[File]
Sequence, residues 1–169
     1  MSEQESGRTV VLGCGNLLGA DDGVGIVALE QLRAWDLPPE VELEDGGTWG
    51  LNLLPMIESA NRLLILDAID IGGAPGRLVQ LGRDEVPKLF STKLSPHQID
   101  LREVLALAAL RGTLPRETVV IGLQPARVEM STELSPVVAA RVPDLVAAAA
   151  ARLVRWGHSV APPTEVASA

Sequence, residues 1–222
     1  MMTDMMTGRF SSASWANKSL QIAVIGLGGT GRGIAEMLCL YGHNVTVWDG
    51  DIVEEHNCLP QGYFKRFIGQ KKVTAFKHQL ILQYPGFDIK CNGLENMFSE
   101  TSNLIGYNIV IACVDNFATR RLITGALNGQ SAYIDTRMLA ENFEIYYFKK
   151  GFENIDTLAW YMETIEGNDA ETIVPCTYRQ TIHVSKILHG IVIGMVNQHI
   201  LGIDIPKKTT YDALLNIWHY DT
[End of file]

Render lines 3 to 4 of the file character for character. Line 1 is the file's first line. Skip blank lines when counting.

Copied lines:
    51  LNLLPMIESA NRLLILDAID IGGAPGRLVQ LGRDEVPKLF STKLSPHQID
   101  LREVLALAAL RGTLPRETVV IGLQPARVEM STELSPVVAA RVPDLVAAAA